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PlayStation Home: the future of freemium games on PS3

by Steven Williamson on 25 August 2011, 10:40

Tags: Sony Computers Entertainment Europe (NYSE:SNE)

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Sony has signaled its long-term plans to transform PlayStation Home into a thriving social space crammed with quality free-to-play games. Currently, Lockwood Publishing’s Sodium franchise, available now via PlayStation Home, represents an important milestone in the history of Home. The futuristic WipEout-style MMO racer is entirely free, but users can purchase upgrades, such as boosters and engine parts, to improve the performance of their ships. Sodium is proof of the concept that high quality games can thrive in the Home space, have strong communities, make money and yet still be free-to-play.

Having announced that PlayStation Home is on the verge of a major update in the next couple of months, PlayStation Home Director Jack Buser has echoed the company’s intentions to host more games like Sodium and has also made the bold claim that Home is Sony’s answer to Facebook, which has thrived in the social gaming scene with the likes of Farmville and Mafia Wars.

Speaking with IndustryGamers, Buser believes that the free-to-play business model is extremely important to Home and says that the PS3 has the power to host high quality titles which could set a precedence for the future of freemium games. Buser believes Sony has hit a milestone in the free-to-play market.

"It really is a milestone in the game industry,” Buser tells IndustryGamers. “If we were to fast forward 10 years and look back at what PlayStation Home is doing right now, I believe it's going to be viewed as a turning point in the industry where we finally started to see these business models from the web actually take hold on consoles and start to create profitable businesses for console developers, using free-to-play and token-based play and ad-sponsored and all these cool models that really on consoles are only found in PlayStation Home. It's a huge differentiator for the PS3. You could not build these types of games on other consoles because they don't have a platform like Home."

Busers talks about leveraging the power of the PS3 to deliver high quality free-to-play games, including first person shooters and believes that developers will jump on board to support it.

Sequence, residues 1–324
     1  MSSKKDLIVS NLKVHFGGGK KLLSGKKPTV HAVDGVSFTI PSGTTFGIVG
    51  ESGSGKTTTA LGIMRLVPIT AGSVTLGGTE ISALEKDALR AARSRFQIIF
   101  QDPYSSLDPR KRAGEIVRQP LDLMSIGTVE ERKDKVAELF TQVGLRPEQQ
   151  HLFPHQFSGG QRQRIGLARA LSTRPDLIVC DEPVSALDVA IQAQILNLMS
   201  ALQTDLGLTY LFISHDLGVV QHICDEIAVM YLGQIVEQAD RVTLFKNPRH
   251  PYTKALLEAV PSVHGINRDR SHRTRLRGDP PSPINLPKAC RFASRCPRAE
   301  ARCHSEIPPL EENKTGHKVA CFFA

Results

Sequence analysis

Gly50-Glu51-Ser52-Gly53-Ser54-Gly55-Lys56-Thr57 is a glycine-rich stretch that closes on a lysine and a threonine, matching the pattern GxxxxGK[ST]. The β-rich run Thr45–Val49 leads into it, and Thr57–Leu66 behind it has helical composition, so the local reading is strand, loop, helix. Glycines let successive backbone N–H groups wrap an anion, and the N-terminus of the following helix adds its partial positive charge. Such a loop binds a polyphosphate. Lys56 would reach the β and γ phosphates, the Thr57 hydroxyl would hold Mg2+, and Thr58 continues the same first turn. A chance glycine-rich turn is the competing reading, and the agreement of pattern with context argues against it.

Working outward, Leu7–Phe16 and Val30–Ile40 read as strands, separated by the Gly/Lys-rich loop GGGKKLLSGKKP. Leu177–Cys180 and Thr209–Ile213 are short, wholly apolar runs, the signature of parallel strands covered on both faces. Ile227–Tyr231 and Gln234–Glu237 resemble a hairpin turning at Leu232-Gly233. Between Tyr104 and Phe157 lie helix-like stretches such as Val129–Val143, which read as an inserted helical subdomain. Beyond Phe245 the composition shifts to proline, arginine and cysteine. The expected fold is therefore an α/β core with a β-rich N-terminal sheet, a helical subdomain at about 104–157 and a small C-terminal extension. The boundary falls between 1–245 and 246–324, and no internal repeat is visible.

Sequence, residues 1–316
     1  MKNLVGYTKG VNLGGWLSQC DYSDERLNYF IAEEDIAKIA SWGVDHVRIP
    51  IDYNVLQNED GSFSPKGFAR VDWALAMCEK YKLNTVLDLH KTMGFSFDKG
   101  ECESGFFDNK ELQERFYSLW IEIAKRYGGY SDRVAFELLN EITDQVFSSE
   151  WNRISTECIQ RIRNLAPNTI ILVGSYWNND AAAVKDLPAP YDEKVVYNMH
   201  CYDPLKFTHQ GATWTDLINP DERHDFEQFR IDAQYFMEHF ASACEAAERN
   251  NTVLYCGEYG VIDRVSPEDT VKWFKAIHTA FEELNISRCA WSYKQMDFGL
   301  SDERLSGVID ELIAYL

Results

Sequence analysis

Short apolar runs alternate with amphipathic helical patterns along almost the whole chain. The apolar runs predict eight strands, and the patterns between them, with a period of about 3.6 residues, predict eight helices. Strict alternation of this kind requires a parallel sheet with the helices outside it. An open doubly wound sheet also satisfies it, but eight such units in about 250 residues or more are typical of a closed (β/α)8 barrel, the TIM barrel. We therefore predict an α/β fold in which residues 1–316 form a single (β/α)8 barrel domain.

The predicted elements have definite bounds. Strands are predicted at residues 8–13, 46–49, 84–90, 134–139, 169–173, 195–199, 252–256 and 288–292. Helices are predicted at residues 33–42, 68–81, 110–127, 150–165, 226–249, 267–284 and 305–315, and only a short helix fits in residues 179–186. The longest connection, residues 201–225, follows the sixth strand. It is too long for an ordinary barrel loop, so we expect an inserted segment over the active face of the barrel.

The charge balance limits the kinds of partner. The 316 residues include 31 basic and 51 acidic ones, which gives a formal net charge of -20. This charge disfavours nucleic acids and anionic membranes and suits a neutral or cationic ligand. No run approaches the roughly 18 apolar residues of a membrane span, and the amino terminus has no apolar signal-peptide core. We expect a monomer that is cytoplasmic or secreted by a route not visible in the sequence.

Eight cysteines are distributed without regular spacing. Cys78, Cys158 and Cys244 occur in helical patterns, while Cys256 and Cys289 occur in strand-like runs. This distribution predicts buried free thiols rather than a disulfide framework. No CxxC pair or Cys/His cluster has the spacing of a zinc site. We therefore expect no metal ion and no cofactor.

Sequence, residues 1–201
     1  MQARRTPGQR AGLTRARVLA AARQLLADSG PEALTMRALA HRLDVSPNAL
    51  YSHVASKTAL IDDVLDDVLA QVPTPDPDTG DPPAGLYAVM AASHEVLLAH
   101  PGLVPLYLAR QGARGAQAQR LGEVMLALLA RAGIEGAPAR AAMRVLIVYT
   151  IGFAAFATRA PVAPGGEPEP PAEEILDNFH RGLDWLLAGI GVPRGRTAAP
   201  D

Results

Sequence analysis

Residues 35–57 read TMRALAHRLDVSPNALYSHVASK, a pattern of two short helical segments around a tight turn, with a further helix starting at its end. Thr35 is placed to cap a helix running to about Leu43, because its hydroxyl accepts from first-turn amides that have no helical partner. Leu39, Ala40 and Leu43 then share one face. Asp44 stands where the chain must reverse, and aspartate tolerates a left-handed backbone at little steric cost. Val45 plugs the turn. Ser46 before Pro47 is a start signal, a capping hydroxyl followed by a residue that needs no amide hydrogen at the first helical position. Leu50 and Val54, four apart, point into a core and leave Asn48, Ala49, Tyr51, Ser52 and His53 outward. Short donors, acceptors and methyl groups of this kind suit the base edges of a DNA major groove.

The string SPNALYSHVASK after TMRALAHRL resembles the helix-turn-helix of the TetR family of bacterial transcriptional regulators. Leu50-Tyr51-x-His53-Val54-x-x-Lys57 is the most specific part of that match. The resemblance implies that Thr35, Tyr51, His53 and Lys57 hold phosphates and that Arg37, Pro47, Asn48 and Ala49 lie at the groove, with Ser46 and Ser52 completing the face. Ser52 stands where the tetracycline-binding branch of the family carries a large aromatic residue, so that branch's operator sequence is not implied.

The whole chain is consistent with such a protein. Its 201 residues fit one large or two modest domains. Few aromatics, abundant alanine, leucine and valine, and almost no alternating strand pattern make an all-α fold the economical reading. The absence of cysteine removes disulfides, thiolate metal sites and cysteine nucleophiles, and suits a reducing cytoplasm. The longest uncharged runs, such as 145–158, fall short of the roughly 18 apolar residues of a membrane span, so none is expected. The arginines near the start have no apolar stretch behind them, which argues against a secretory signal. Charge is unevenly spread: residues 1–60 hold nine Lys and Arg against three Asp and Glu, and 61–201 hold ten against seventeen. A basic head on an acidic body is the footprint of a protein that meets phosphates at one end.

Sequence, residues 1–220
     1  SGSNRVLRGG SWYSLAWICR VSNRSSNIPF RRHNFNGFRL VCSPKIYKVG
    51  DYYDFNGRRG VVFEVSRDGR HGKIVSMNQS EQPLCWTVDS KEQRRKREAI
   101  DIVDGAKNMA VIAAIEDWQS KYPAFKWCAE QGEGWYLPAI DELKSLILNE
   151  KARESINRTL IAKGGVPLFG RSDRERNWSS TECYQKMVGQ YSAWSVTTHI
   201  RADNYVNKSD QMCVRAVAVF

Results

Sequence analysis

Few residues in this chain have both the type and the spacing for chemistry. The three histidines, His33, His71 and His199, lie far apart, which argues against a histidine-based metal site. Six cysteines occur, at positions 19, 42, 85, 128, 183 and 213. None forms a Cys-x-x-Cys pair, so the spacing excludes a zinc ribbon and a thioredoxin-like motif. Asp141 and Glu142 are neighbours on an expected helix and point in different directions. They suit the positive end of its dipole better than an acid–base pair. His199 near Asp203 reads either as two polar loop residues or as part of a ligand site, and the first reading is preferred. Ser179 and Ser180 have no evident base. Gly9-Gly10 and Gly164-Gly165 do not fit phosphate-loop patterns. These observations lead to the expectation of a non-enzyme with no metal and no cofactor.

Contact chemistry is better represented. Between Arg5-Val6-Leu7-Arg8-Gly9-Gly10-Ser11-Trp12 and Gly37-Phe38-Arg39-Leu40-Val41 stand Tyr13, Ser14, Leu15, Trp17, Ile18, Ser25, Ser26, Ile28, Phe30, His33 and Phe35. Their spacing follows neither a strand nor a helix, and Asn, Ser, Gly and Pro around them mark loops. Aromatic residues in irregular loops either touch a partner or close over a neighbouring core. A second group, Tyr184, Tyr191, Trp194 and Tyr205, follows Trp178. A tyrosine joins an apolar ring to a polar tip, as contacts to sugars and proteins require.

"In fact, if you look at our developer community, it's a great mix of folks that have come from social game development on the web and traditional console development houses, coming together to build an entirely new class of games that's using the best from both worlds. It's using the most cutting edge and creative business models that so many sessions at GDC are all about while also giving a gameplay experience that's very much PlayStation – high definition, 3D, online multiplayer, action packed," he enthused.

If Buser’s figures are to be believed, it does seem like a low risk investment to create a game for Home and make profit fairly quickly.

"I'm very biased but I'll let you look under the hood for a minute. In PlayStation Home, you can build a full-on game that looks like a console game – for example, a full-on FPS or racing game – with a team of just 6-10 people and it'll take 6-9 months to complete,” says Buser.

“Everything's done with scripting using [programming language] Lua... so with a very small team you can create a game that's up and running on PS3 in just six months. And it's monetizing immediately!"

The success of the free-to-play space on PlayStation Home is going to be down to just a couple of things – will the games be good enough, and will consumers frequent the Home space and spend? Whether those consumers arrive in their masses is going to depend on what exactly Sony does to rejuvenate the PlayStation Home space in the next couple of months and whether developers will step forward and create great games. We recently heard one developer say that Home is "hell to code for," but he hopes that this update will also make things easier for programmers. If Sony gets it right, it could be great news for us all.


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